Monday 28 September 2009

Better to travel than to arrive?

Several Macmillan New Writers - myself included - have had disappointing news this year in that our second or third novels have been rejected for publication. Most of us will have spent at least a year on each of these novels; a year of writing, of thinking, of planning, of ups and downs, and of hope. But thinking back over my own year, I have to conlude that it's the journey that really counts, not the arriving. Yes, it's wonderful to be accepted and published; great to hold in my hand the first copy of a new novel; fun to attend a book launch and book signings, and to see my book in a shop window. The money's nice, too. But nothing quite compares with the exhilaration I feel when a piece of writing is going well; when the story take over, and flows as though coming from a source of its own; the moment when another (brilliant, of course) idea strikes, and I can't wait to get it down on paper. So, yes. It's deeply disappointing to be rejected and to have to put the novel and all its well-loved characters away in their virtual drawer, and turn to something else. But regrets? None. A waste of time? Absolutely not. Speaking for myself, it was worth every minute. And that, presumably, is why we keep on writing.

Monday 14 September 2009

Police checks and paedophiles. A rant

Have you had a police check? Because if you haven't you're pretty sure to need one sooner or later. I had to have one for teaching adults in an evening class. Big strong adults. There were twelve of them and one of me. But never mind. If police checks protect children, they're worth it, aren't they?

Well, maybe not. I have a friend who's a single mother. She's a brilliant mother and adores her five-year-old son. A year ago, she discovered that her estranged partner - her sons's father - had been systematically sexually abusing their child for a year, threatening him with his mother's death if he were to tell anyone. Eventually, the child spoke out. His account was detailed and graphic, and included details that no 4-year-old could possibly know, and although he convinced his mother, his GP, his teachers and his extended family, my friend was told that his evidence didn't count because he was so young.

A year on, after striving tirelessly and heroically for justice, my friend has managed to ensure that this man is on a sex register, and will never be allowed near her son again. But that is all. He is already involved in a club for young sportsmen and has formed a relationship with a woman with two small children. Meanwhile, her little boy is still trying to come to terms with his appalling ordeal, and she is still angry, frustrated and appalled that she should have entrusted her child to someone who would perpetrate such terrible acts against him.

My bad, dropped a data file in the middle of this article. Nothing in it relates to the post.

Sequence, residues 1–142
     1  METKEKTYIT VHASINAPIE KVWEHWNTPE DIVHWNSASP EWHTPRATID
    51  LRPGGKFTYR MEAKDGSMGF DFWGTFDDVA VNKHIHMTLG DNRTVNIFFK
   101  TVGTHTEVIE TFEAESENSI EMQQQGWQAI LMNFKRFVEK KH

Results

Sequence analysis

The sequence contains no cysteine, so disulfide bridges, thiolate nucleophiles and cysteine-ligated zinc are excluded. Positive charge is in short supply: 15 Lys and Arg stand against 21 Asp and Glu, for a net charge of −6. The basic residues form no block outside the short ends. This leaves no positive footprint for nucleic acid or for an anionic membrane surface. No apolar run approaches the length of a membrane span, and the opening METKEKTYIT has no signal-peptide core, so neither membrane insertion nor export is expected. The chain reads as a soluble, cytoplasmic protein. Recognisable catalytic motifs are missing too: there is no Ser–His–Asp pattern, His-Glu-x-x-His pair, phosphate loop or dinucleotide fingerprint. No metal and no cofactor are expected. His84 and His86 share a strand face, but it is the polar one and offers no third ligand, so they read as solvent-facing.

Scary? You bet it is. Police checks? Forget them. They're not worth the paper they're written on.

Tuesday 1 September 2009

Returning to the WIP

I've always thought that writing is a bit like, say, trying to draw a horse. You know what a horse looks like, you can see it in your mind's eye. But get a pencil and try to draw it, and unless you're a consummate artist, the drawing is nothing like what's in your head. So it is with the WIP. I see what I want to create, I have the shape and the characters and much of the plot in my head, and it's all oh-so beautiful. But get down to it, and the reality is a far cry from what I planned.

So - I've given myself a few weeks to recuperate (after all, the muse isn't going to work after major surgery, is it? Of course it isn't), but now it's time to face the novel again, especially now I have an almost-agent. Displacement activity abounds, including, as now, blogging. Meanwhile, I can feel myself circling the WIP warily, like a bird of prey which isn't quite sure whether or not the prey might bite back; wondering whether to take the plunge, or wait a little longer; until tomorrow, or next week, or next year...